Initially developed as a performance measurement system, the Balanced Scorecard has now become one of the most popular management tools used to align and focus the entire organization on implementing and improving its strategy. It doesn’t matter how good your company’s strategy is. As long as the employees across the organization do not broadly understand the senior executive’s strategy proposition and how they intend to drive the company to the next level, the strategy becomes completely useless. Employees must pursue goals that are consistent with, and lead to, the achievement of the organization’s strategy.
Once the organization has developed and defined its strategy, it needs to communicate it to build organizational alignment. Everyone in the organization needs to have a clearer understanding of the objectives and measures that make up the corporate scorecard and how their specific actions are making a difference and helping the company achieve its strategic objectives. Just because you have developed the Balanced Scorecard for your organization does not mean that you will automatically outperform your rivals.
The Corporate Scorecard needs cascading or driving down to the lower levels of the organization i.e. developing scorecards at each and every level of the organization. If value is to be derived from this cascading process it is important that all the business unit, departmental, team or personal scorecards developed link back to the overall objectives of the organization. It is this clear line of sight from strategic to operational to tactical decisions that creates alignment and drives execution.
Evidence has shown that unclear goals and objectives and lack of alignment of goals often lead to work complexity and poor execution. A great way to visually communicate how different parts of an organization’s strategy relate to each other is with strategy maps. These are visual displays of an organization’s strategy and objectives. One of the benefits of using the strategy map to communicate and align corporate strategy is that it allows employees to quickly identify the relationships between strategic, business unit, departmental, team and personal objectives and how metrics impact performance directly and indirectly.
When asked these questions, leaders should be able to answer them convincingly:
- Are goals publicly known and communicated broadly across the organization?
- Does your organization have clear alignment of goals from top to bottom?
- Do people at every level of the organization know how their daily operations contribute to the successful execution of the company’s strategy?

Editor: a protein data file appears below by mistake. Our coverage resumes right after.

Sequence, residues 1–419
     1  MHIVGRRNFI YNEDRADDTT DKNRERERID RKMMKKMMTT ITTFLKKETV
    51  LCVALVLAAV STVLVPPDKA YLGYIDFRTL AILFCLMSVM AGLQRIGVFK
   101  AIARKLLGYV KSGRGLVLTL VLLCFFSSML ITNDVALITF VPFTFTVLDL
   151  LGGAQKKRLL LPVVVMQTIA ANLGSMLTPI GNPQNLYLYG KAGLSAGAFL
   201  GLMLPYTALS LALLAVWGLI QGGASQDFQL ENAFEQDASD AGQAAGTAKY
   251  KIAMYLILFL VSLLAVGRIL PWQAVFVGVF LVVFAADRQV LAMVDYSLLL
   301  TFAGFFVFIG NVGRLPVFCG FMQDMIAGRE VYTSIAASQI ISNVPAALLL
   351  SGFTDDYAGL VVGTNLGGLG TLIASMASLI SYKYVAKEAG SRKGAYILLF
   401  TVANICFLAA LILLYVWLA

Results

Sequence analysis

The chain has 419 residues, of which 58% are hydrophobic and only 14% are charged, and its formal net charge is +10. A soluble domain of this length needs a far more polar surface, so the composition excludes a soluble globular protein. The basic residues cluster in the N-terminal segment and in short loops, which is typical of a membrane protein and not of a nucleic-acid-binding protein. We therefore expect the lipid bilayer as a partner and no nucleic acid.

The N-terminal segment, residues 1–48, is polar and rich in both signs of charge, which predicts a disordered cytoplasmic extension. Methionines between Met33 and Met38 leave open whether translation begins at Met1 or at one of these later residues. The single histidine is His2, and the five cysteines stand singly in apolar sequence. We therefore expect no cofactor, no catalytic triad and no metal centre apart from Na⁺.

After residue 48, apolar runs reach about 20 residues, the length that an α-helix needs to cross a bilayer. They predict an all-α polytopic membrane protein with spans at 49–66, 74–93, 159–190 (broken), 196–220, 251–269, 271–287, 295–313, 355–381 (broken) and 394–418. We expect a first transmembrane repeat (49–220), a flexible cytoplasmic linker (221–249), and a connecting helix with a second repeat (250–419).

- Do people across the organization have the relevant information for their specific role to make well-informed decisions, when and where they need to make them?
- Do people across the organization have dashboards and scorecards in their everyday work environments that provide them with personal, team and or group performance?
Unfortunately, in many organizations the answers to these questions is no. Employees have very little knowledge of how what they are doing directly or indirectly impacts overall performance of the organization. This is a bit worrying because in today’s knowledge economy, employees possess vast amounts of knowledge and can easily move with it anywhere. These employees are seeking meaning and contribution in the workplace. Apart from earning monetary rewards, they also want to be seen as adding value. The lack of alignment between personal objectives and corporate strategy obscures the hope of finding this true meaning and contribution in the workplace.
By cascading the Balanced Scorecard to the lower levels of the organization, business leaders are able to demonstrate to employees that what they are doing is indeed critical to the overall success of the organization and this alignment of metrics effectively leads to intelligent execution that is aligned to the overall company objectives. This is so because important business information is distributed across the organization in ways that are significant for individuals based on their roles and responsibilities.
Because the cascading process aligns employee actions and strategy, organizations that have successfully aligned their employee’s activities with the organization’s strategy have realized improved results and outperformed their rivals. Employees in these organizations are able to answer this critical question, “How do I add value and make a meaningful contribution to our success?”
Cascaded successfully, the Balanced Scorecard and cascading scorecards create a monitoring environment that is horizontally and vertically aligned with your organization.